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Hilo Bay Views & Commercial Downtown Hilo Zoning April 2, 2014

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Commercial development site on Kapiolani Street near downtown Hilo. Over one-half acre with Hilo Bay and Coconut Island view planes. Commercial Downtown Hilo (CDH) zoning allows a number of options, including residential condominiums.

Prime location on Kapiolani Street between Ponahawai and Haili Streets, next to the Japanese Learning Center. Walking distance to downtown Hilo, Hilo Public Library, Federal Building, and Kalakaua Park.

This site is ready for immediate development. The Seller will work with the Buyer for transfer of the development project documents. The Condominium Property Regime (CPR) documents and the Underground Injection Control (UIC) permit have been processed and filed.

Seller will transfer development plans, architectural site plans, specifications and condominium documentation for a proposed 18 unit residential condominium. This proposed condominium would have 2 and 3 bedroom units with outstanding Pacific Ocean and Hilo Bay views. The architect who created the preliminary designs of the project may consider working with the buyer to continue through development construction. General contractors are available to begin construction. “Wrap-up” Insurance quotes for construction are available. Sewer access for this project, a critical development cost factor, is available on Kapiolani Street.

Seller has spent a lot of time and money positioning this development site and is willing to work with buyer on transferring their work to the new owner. Site work completed by buyer includes extensive tree removal, site grading and driveway access work.

Complete information packet and details available to qualified buyers upon request.

For full images and virtual tour, go to: http://245718.kellymoran.com

What They Really Mean? April 1, 2014

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By Kelly Moran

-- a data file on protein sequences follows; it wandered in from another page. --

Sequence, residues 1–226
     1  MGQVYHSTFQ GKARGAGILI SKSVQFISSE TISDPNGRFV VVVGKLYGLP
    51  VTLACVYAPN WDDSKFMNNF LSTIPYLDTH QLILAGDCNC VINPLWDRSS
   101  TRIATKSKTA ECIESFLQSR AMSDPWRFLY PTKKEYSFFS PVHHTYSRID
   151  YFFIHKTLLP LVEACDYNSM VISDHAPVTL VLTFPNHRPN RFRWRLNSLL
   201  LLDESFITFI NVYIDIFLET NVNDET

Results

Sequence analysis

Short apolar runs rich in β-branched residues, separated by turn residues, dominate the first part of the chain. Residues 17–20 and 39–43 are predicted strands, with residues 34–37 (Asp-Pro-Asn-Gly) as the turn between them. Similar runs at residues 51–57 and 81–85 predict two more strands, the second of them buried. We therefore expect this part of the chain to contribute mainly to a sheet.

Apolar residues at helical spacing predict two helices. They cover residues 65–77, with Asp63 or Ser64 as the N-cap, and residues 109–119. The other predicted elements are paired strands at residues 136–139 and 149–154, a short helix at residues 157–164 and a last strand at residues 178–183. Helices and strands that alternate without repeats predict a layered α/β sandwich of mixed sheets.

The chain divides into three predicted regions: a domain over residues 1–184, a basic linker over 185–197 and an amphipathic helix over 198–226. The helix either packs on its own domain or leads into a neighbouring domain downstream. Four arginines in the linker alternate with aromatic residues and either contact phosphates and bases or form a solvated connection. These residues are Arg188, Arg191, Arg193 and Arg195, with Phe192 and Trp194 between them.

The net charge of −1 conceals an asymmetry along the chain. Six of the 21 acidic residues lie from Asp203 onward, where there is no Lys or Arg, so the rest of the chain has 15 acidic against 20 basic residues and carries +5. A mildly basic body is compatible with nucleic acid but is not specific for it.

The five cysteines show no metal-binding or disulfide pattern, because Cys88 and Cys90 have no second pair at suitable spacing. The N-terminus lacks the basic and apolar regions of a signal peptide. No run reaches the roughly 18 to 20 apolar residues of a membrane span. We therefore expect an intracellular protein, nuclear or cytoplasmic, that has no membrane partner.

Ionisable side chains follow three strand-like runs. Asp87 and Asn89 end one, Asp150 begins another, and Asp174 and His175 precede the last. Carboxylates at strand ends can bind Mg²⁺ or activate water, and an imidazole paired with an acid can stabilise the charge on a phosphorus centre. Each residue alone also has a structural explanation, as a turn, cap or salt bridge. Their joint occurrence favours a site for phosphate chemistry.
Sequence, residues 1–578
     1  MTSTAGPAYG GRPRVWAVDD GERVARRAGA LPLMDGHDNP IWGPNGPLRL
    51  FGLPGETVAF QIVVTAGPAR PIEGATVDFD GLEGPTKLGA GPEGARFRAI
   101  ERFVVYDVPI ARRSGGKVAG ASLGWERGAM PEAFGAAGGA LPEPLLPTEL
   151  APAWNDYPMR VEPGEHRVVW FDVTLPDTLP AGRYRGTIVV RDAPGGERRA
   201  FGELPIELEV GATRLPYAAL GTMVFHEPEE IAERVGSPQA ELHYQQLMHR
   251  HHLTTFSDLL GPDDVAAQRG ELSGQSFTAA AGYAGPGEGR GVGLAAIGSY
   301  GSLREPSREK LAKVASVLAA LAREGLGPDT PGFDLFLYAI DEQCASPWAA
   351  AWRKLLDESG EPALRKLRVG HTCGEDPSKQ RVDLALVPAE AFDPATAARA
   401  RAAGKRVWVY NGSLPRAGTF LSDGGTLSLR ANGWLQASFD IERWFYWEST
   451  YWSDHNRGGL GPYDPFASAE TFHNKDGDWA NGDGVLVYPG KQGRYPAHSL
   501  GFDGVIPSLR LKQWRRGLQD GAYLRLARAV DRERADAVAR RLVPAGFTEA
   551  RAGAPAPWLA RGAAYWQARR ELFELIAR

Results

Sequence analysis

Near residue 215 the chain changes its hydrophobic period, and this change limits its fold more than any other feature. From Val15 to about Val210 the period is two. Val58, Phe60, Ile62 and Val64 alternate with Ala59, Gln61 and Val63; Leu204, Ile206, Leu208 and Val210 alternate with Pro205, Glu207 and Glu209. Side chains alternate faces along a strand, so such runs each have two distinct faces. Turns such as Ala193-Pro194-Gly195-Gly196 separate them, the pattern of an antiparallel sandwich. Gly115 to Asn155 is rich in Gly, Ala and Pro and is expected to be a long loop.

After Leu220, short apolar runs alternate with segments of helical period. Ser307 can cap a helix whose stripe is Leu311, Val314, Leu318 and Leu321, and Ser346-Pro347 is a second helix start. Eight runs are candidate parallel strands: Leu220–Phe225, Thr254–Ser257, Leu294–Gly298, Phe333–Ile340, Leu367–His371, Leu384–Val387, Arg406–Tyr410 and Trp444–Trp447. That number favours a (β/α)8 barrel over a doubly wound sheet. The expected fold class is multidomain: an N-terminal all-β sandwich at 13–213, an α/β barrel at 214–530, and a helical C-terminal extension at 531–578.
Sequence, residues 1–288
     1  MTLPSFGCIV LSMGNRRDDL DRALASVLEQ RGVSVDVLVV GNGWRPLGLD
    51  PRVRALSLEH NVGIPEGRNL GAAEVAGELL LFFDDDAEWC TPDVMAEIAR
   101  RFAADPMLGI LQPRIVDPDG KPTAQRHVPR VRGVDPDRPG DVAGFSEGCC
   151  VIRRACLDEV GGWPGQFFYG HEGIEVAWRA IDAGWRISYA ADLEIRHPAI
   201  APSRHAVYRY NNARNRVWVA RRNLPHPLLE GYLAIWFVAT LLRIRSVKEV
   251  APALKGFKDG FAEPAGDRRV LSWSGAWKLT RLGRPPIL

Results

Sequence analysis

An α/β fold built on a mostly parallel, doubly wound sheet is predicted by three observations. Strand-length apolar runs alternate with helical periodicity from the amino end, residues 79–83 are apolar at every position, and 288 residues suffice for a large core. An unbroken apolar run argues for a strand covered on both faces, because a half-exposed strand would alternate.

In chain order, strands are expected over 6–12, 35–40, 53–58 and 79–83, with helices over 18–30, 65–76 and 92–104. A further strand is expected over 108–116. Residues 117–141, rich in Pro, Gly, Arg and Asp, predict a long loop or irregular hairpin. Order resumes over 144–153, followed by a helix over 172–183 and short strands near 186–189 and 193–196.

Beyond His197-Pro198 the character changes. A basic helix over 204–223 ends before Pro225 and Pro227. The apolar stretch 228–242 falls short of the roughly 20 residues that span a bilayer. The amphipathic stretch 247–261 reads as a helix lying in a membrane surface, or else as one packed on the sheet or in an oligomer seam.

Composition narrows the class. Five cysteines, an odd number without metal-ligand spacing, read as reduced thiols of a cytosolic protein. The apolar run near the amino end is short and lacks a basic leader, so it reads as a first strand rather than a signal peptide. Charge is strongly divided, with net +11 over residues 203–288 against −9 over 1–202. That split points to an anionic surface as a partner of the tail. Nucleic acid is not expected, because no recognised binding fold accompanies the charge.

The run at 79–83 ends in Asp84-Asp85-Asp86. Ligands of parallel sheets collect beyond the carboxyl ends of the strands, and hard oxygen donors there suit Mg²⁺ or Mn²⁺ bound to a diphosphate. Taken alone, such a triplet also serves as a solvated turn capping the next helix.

What They Really Mean?
It’s Springtime, and I’m feeling so good, I’m going to let you in on a little secret.

When you see an ad for a property, consider that the words might not mean what you think.  For instance, “Small” means it’s small.  “Cabin” means it’s very small.  And “Cozy” means it’s really, really small.  So, here are a few terms, euphemisms and otherwise, to help you find the perfect home.


“Needs Your Touch” = “needs paint and flooring.”

“Needs TLC” = “needs work.”

“Needs Work” = “needs a lot of work.”

“Fixer-Upper” = “needs everything.”

“Contractor Special” = “consider tearing it down.”

“Quiet Neighborhood” = “maybe when school’s in session.”

“Lively Neighborhood” = “keep your door locked.”

“Nighttime Security” = “streetlights shine in your window.”

“Close to Schools” = “playground next door.”

“Close to Park” = “ball field next door.”

“Close to Sports” = “ball field with night games next door.”

“Close to Town” = “you’ll still have to drive there.”

“Central Location” = “no on-street parking.”

“Close to Transit” = “the bus stop is a block or two away.”

“Steps to Transit” = “the bus idles in front of your house.”


There may be more, but as I said, this is Spring, and . . . well, actually it’s April 1st!

HERE ON THE BIG ISLAND – The People’s Theater – a Hamakua gem March 28, 2014

Posted by Kelly in : Big Island Hawaii, Entertainment, HERE ON THE BIG ISLAND , add a comment


By Kelly Moran

The People’s Theater – a Hamakua gem

Quick – what’s the biggest historic theater on the Big Island?  There are several, after all: The Aloha in Kainaliu (built in 1932), with 298 seats?  Downtown Hilo’s Palace (from 1925), with 485 seats?  Getting warmer.  Believe it or not, it’s the 525-seat People’s Theater in Honoka’a.


When it opened in 1930, it was the largest of three(!) movie houses on Mamane St., the main artery of Honoka’a, which was then the booming center of sugar production on the Hamakua Coast.  (Hilo, about an hour’s drive away, and Kea’au, further away in Puna, were the cane-capitals to the south.)

The People’s Theater was built by the Tanimoto family, which owned several other theaters on the Big Island; and like many theaters in that era, one of the owners lived in an apartment upstairs.  (The Palace and Aloha had similar apartments, which are now their offices).  By 1988, however, the matriarch of the Tanimoto family was too ill to manage the family business, and she sold it to her physician, Dr. Tawn Keeney, who undertook a massive renovation project.